Right before the close, reports that the FBI had raided the office, home and hotel room of Trump attorney Michael Cohen slammed stocks to their lows of the day. The news provoked a furious response from Trump, who again accused Mueller of conducting a "witch hunt" while slamming senior officials in his own Justice Department, who signed off on Mueller supplying the evidence that led to the raid to the local US attorney's office.
And now, at 8:30 pm ET on a Monday night, the New York Times has reported that Mueller is investigating a $150,000 donation to the Trump foundation that was given from a pro-European Ukrainian businessman during the early days of his campaign.
The donation, which was reportedly solicited by Trump attorney Michael Cohen, was made in exchange for a 20-minute speech that Trump gave about Ukraine and how the US had failed to stop Russia from victimizing the country.
We first learned of the donation shortly after the election. However, the fact that Mueller is investigating the donation was not publicly known.
But there's a catch: Pinchuk, who has a history of supporting a pro-European Ukraine, was also a major Clinton donor.
Don't forget, the Clinton Foundation received more individual money from Ukrainian donors than any other foreign country.
Between 2009 and 2013, including when Mrs. Clinton was secretary of state, the Clinton Foundation received at least $8.6 million from the Victor Pinchuk Foundation, according to that foundation, which is based in Kiev, Ukraine. It was created by Mr. Pinchuk, whose fortune stems from a pipe-making company. He served two terms as an elected member of the Ukrainian Parliament and is a proponent of closer ties between Ukraine and the European Union.
Unsurprisingly, Pinchuk and his family are no angels.
He is the son-in-law of a former president of Ukraine whose administration was marred by endemic corruption and human rights violations - exactly the type of donor who would give to the Clinton Foundation.
"Mr. Pinchuk is the son-in-law of a former president of Ukraine, Leonid Kuchma, who from 1994 to 2005 led a government criticized for corruption, nepotisk and the murder of dissident journalists.
Pinchuk, who has also been accused of - get this - illegally dumping steel became the focus of a minor controversy during the campaign pertaining to his ties to Clinton. In 2008, Pinchuk made a five-year $29 million commitment to the Clinton Global Initiative, according to the Wall Street Journal.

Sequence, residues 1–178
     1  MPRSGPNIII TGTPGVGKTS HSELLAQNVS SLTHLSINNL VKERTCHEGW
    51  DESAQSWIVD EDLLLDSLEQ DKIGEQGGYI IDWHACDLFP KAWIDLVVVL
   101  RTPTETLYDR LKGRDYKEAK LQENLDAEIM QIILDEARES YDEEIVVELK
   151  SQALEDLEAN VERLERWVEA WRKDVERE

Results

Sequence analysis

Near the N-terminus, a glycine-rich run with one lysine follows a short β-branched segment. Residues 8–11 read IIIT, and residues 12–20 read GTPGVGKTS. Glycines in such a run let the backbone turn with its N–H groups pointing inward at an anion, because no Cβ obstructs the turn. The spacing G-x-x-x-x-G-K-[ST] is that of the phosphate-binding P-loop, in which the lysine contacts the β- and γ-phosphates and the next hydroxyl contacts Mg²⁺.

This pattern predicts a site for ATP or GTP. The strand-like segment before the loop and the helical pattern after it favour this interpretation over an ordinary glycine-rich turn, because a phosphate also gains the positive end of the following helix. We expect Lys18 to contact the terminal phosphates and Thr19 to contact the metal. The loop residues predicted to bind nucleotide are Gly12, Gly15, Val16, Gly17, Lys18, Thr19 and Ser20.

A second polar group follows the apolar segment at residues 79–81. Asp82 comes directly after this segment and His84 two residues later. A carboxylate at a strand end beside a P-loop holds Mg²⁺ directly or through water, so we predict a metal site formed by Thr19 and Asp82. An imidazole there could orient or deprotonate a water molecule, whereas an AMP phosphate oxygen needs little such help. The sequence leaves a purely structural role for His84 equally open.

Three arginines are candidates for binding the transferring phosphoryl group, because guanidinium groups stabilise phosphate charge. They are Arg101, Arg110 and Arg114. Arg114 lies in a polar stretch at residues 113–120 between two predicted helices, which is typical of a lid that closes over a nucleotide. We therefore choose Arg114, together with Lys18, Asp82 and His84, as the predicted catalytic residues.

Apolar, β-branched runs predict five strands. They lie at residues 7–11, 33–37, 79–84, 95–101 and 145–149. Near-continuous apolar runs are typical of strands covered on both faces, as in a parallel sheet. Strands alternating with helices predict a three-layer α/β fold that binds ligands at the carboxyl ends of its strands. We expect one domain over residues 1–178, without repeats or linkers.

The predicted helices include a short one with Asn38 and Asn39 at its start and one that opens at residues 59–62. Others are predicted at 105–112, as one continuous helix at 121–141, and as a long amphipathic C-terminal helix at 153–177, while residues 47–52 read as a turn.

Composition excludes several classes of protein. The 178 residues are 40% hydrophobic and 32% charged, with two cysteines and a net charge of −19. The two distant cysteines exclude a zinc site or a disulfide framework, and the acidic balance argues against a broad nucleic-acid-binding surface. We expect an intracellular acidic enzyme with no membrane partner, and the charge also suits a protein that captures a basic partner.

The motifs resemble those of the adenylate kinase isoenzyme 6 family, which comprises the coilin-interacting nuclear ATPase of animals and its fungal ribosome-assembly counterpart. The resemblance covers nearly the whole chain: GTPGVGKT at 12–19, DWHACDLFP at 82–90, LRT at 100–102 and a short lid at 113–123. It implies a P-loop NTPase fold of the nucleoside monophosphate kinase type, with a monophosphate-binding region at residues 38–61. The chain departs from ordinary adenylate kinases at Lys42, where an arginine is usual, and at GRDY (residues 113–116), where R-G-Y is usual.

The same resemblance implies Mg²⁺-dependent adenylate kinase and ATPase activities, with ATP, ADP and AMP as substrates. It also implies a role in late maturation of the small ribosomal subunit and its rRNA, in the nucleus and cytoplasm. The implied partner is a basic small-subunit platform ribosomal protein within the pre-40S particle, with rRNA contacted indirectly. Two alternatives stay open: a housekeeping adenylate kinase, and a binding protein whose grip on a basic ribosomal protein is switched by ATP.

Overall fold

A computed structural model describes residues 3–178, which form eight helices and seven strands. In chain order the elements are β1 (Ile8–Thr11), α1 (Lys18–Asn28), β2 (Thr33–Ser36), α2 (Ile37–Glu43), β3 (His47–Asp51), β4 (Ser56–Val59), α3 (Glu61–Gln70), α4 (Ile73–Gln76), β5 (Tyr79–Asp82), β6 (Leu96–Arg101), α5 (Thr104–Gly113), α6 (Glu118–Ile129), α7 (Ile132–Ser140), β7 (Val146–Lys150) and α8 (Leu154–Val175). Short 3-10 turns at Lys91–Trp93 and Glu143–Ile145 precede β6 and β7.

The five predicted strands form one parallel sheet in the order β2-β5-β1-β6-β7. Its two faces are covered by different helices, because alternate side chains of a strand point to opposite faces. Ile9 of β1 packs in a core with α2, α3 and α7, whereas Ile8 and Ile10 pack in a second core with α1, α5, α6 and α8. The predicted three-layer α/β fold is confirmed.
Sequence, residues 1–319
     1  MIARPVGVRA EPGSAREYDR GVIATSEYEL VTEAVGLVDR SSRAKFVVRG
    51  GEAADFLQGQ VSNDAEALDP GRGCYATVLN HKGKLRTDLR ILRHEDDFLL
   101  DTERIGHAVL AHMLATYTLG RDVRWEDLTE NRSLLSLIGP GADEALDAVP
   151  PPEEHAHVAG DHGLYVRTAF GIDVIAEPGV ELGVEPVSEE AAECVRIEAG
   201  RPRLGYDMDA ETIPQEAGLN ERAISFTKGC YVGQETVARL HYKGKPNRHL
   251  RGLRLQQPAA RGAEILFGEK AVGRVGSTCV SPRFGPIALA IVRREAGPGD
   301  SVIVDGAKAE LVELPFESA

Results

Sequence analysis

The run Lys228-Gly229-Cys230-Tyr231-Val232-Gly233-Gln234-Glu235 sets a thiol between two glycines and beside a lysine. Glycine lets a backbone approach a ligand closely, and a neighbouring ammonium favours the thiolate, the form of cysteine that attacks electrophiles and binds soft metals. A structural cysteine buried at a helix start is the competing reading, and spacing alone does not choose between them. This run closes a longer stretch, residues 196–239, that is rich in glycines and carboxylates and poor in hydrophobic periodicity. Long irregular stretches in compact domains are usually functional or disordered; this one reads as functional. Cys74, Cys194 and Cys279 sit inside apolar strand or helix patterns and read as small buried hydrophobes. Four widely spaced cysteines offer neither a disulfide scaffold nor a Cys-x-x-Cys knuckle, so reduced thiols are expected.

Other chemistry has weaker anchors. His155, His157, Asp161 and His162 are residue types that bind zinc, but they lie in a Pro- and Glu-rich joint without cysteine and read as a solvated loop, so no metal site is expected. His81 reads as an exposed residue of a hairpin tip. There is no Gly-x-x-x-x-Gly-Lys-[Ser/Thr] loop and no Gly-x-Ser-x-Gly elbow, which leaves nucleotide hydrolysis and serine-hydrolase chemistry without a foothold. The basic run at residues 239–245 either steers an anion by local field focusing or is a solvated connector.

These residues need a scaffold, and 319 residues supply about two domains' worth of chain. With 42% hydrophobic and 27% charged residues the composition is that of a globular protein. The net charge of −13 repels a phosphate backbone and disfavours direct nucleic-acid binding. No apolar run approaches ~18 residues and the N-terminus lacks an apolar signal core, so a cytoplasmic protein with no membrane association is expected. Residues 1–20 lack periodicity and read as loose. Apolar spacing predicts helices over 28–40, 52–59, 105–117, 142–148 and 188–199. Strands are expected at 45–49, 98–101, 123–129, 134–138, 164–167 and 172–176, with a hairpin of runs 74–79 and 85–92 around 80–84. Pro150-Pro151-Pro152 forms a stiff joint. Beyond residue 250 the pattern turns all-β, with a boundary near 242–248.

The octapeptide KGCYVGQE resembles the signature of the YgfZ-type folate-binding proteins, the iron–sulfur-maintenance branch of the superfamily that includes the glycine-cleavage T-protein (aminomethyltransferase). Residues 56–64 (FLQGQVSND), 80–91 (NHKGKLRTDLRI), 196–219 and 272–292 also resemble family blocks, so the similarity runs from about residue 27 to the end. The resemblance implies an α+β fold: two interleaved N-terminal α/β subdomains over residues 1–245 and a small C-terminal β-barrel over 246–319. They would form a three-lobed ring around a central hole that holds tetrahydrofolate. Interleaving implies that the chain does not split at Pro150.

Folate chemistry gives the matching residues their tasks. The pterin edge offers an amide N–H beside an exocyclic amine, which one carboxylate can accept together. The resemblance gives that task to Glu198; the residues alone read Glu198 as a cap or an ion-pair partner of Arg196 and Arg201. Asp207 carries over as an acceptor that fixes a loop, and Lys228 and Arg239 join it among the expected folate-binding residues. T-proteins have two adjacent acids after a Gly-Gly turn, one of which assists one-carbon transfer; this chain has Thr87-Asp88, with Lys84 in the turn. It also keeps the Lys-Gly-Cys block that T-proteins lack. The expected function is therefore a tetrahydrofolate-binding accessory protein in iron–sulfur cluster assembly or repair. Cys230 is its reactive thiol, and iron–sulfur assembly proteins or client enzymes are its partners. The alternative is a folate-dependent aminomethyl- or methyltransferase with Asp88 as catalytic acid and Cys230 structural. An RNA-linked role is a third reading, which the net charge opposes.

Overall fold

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All told, Pinchuk gave more than $13 million to the Clinton Foundation since 2006, and promised to give more.
Meanwhile he paid Trump $150,000. That's roughly 88x more for Clinton than Trump.
Trump made the speech via video at the Yalta European Strategy Conference during August 2015, when he was still the frontrunner but the Republican field was crowded and most considered his bid a long shot. At the time, it received scant news coverage, mostly focusing on Trump's awkward delivery. It was also one of his first foreign policy speeches of the campaign. During the speech, Trump criticized former President Barack Obama for not doing more to stand up to Russian President Vladimir Putin.
The speech was organized by Doug Schoen, a longtime Republican strategist with ties to Trump. After the speech, Cohen reportedly called Schoen to solicit an "honorarium" donation to the Trump Foundation.
We imagine this won't be the first leak stemming from the cache of documents that Mueller extracted from the Trump Organization with his subpoena. We know his team is looking into Cohen's involvement in a deal to build a Trump Tower Moscow which stalled, but not before Cohen reportedly solicited help from a spokesman for the Kremlin.